Geraldton as a city is used to servicing the fishing industry. It is one of our older industries. Aquaculture and fisheries are seen as a source of very stable, long-term jobs. Along with the Mid West Development Commission, I have already met with two large interstate groups that are interested in the area and the potential of an aquaculture industry in the Abrolhos. We can see very clearly that this is on the investment radar. One of those groups was a Tasmanian company that is worth about $120 million, so it is pretty serious money. We are doing the second lot of trials of the yellowtail kingfish out in Champion Bay, which is a joint venture between the Mid West Development Commission and a local, private investor. Investment will probably be needed by the government, probably through the Mid West Development Commission, into fish health, husbandry and breeding. Providing those small amounts of money really fits with the charter of the Mid West Development Commission to act as a catalyst-to provide small amounts of strategic investment that gets private investors in and hopefully creates a big industry. We already have facilities at the Batavia Coast Maritime Institute that could be developed to service the areas that we need. An area of 3 000 hectares has been put aside for aquaculture at the Abrolhos, which is a reasonably large area. It is in two separate areas, one of2 200 hectares and the other of 800 hectares, which lie between the Pelsaert Group and the Easter Group approximately 65 kilometres to the west of Geraldton. The Abrolhos Islands is an interesting area because it has a unique confluence of temperate and tropical waters. It is a truly unique area of Western Australia in which both tropical and temperate species survive. The physical attributes of the area chosen are that the water is relatively deep at between 35 and 45 metres and it has clean, well-flushed waters and an open sandy seafloor. Apparently, these are almost perfect conditions for aquaculture. The species in the area will be marine finfish native to the west coast, such as yellowtail kingfish, pink snapper and mulloway. 

The other interesting thing-as a farmer on the land, I understand this clearly-is that it will be up to fishermen to decide the size of the cages. An economic analysis of the project reveals that the size of the sea cages and equipment drives the project's economics. As the scale gets bigger, costs get less and it becomes more profitable, but there will be a maximum limit for the zone of 24 000 tonnes of finfish biomass.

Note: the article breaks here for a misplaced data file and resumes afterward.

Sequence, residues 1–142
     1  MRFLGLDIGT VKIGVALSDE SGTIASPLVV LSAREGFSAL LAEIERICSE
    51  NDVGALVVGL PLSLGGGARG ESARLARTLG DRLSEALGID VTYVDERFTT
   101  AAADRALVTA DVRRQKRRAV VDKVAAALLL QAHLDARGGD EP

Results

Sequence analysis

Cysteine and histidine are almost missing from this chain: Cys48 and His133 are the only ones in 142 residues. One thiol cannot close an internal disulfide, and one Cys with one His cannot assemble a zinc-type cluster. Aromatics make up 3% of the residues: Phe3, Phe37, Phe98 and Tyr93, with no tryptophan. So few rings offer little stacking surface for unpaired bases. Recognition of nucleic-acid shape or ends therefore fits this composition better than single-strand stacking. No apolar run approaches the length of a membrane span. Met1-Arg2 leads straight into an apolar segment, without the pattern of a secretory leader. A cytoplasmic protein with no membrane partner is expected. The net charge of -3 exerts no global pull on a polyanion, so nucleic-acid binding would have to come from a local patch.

Finally, I want to talk briefly about Geraldton Fishermen's Co-operative because it is one of the shining lights of the fishing industry in Western Australia. It is currently the largest processor of rock lobsters in the world. The size of the catch it processes is bigger than the catch of South Australia, Tasmania and New Zealand combined. That indicates the scale and success of the outfit. In its sixty-fifth year, its turnover is $400 million. As I said, that indicates the success of the government's switch to a quota that allows fishermen to target their product to a certain time of the year, such as the Chinese New Year, when prices are the best. 

Quite often innovation in government is not about spending government money; rather, it is about changing the laws to enable private managers to make the best decisions. I do not think anyone in this place would disagree with that. Geraldton Fishermen's Co-op is building a $20 million facility at Perth Airport purely to handle the live lobsters that will be sent to China. It will hold about 80 tonnes of live lobsters. GFC is building a sister­facility for this in Guangzhou, China. The GFC will be the first Australian seafood company to hold its own stock on Chinese soil and deeply integrate itself into the Chinese market. As I said before, frequently the economy works best when the government stands back, clears up legislation and allows people to get on with their business. The final factor for the development of the Abrolhos aquaculture industry will be smart people who know how to market. We have already seen such people in the Geraldton Fishermen's Co-op, but other locals have the same skills. This industry has a bright future. All the economic factors point to it having a bright future. All it needs now is patient capital. 

Debate adjourned, on motion by Mr J.H.D. Day (Leader of the House)